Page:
When Allianz decided to set up AWC, Buchan explains, there were three locations that were up for serious consideration: Ireland, the UK and the Netherlands.
“We chose Ireland because it is English speaking, there is a great supply of educated labour and there are a lot of foreigners,” he says. “We have a big foreign workforce. Twenty six nationalities work in our head office in Dublin so we needed all that.”
Buchan “unashamedly” says that Ireland’s relatively low corporation tax rates were also attractive for Allianz, while it has enabled AWC to deal with its biggest broker market – the UK – effectively too.
Since setting up shop in 2000, though, AWC has seen Ireland’s economy go through some highs and lows.
“Of course we then immediately had the Celtic Tiger which pushed salary costs up and made labour a bit more difficult to get but it has been a very good location for us,” he explains.
The “death” of the Celtic Tiger has affected AWC “surprisingly little”, Buchan argues, suggesting that the “underlying” Irish economy is holding up.
“All we rely on Ireland for is the availability of the labour,” Buchan says. “Clearly any economic slowdown helps that, it helps with the availability of labour, so the problems facing Ireland haven’t really affected AWC negatively.”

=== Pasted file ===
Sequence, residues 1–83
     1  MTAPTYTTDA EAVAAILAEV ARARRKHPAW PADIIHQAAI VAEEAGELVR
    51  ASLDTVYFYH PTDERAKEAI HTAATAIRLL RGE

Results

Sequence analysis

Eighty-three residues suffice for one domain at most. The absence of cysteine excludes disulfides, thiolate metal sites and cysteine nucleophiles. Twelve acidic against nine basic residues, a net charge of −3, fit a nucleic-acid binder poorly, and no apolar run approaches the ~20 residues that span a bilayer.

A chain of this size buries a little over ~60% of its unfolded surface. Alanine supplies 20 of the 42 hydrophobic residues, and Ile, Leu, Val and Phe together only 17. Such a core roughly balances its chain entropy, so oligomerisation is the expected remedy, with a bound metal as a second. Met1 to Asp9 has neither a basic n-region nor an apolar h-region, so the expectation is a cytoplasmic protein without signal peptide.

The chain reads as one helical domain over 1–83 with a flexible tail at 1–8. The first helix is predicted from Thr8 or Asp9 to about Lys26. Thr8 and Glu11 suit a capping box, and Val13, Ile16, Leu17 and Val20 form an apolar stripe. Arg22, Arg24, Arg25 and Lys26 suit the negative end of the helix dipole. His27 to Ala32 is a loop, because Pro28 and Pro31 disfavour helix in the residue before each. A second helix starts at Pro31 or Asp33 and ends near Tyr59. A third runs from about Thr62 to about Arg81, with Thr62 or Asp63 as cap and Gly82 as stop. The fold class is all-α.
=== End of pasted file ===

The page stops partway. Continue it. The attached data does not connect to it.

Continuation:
Nevertheless, ratings agencies – the organisations which analyse insurer financial strength – have downgraded some insurance companies that are based in Ireland and trade there. However, AWC’s status means that it has maintained an A stable rating from Standard & Poor’s. That is crucial, Buchan says, given the fact that insurer solvency and financial strength is an issue that has shot up the agenda of corporate purchasers in recent years.
“There is undoubtedly a flight to quality – we see that with our medium and large clients, corporate clients particularly,” Buchan says. “We are now asked questions about – and certainly tender requests major upon – financial security, which five years ago we would never have been asked.”
HOME AND AWAY
But while AWC feels at home in Ireland, Buchan rules out any prospect of its becoming a domestic insurer there. The mechanics of the country’s risk equalisation scheme – under which health insurers with a younger age profile are required to make annual payments to competitors with a larger proportion of lives in the older age segments – proved to be unattractive to Bupa which pulled out of the country in 2006 and are not likely to tempt Allianz into the frame either. Nevertheless, domestic health insurance in wider terms is an area that Buchan is looking at very closely. Or, more specifically, he is looking at ways of dissolving the traditional line between domestic cover and international cover.
“The issue of domestic health insurance per se is interesting to us because we do not really see why there is such a distinction between domestic health insurance and international health insurance,” Buchan explains. “Saying you are fully insured for your health while you are in one country but as soon as you go outside of the country you have to make alternative arrangements [...] is illogical.”